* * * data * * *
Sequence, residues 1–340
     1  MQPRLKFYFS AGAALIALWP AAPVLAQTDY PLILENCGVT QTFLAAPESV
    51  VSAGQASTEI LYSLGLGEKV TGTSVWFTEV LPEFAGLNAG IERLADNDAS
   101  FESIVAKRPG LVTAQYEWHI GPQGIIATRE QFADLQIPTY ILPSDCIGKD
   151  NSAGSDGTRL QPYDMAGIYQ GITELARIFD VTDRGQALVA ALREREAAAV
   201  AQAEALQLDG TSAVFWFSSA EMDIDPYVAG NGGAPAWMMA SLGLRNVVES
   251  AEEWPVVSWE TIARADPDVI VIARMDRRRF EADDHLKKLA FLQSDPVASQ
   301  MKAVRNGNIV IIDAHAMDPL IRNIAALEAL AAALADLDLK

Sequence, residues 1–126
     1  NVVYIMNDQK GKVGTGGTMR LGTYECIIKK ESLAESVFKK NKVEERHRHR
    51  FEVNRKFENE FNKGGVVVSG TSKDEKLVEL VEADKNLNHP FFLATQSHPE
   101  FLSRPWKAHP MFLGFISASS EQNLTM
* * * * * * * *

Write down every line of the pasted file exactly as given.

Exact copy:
Sequence, residues 1–340
     1  MQPRLKFYFS AGAALIALWP AAPVLAQTDY PLILENCGVT QTFLAAPESV
    51  VSAGQASTEI LYSLGLGEKV TGTSVWFTEV LPEFAGLNAG IERLADNDAS
   101  FESIVAKRPG LVTAQYEWHI GPQGIIATRE QFADLQIPTY ILPSDCIGKD
   151  NSAGSDGTRL QPYDMAGIYQ GITELARIFD VTDRGQALVA ALREREAAAV
   201  AQAEALQLDG TSAVFWFSSA EMDIDPYVAG NGGAPAWMMA SLGLRNVVES
   251  AEEWPVVSWE TIARADPDVI VIARMDRRRF EADDHLKKLA FLQSDPVASQ
   301  MKAVRNGNIV IIDAHAMDPL IRNIAALEAL AAALADLDLK

Sequence, residues 1–126
     1  NVVYIMNDQK GKVGTGGTMR LGTYECIIKK ESLAESVFKK NKVEERHRHR
    51  FEVNRKFENE FNKGGVVVSG TSKDEKLVEL VEADKNLNHP FFLATQSHPE
   101  FLSRPWKAHP MFLGFISASS EQNLTM